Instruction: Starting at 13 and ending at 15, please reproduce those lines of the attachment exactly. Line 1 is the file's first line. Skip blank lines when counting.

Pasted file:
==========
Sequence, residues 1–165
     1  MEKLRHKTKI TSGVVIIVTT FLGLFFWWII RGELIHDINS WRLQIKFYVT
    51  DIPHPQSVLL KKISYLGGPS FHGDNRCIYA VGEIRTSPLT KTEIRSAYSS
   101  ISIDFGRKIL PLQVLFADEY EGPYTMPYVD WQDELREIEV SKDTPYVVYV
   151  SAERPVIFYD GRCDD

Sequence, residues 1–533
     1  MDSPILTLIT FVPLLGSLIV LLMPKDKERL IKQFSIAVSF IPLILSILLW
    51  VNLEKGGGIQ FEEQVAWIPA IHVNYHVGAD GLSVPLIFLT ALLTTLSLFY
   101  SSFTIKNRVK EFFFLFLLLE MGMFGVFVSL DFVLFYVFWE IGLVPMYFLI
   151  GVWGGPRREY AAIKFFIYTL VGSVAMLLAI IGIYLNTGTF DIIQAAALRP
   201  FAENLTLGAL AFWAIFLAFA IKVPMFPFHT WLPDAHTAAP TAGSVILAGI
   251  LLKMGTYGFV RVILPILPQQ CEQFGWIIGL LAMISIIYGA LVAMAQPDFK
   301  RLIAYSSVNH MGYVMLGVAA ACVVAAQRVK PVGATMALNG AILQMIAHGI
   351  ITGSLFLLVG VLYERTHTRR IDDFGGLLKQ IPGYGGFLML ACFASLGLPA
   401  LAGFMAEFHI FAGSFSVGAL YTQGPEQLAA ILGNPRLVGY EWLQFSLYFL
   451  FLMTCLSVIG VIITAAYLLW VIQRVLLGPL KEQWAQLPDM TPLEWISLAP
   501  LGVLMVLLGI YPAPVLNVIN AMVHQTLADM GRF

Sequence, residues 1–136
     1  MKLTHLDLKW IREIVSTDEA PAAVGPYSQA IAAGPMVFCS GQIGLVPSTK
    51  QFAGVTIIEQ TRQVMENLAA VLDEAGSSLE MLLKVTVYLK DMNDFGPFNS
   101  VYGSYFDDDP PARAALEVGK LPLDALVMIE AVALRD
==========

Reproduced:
   301  RLIAYSSVNH MGYVMLGVAA ACVVAAQRVK PVGATMALNG AILQMIAHGI
   351  ITGSLFLLVG VLYERTHTRR IDDFGGLLKQ IPGYGGFLML ACFASLGLPA
   401  LAGFMAEFHI FAGSFSVGAL YTQGPEQLAA ILGNPRLVGY EWLQFSLYFL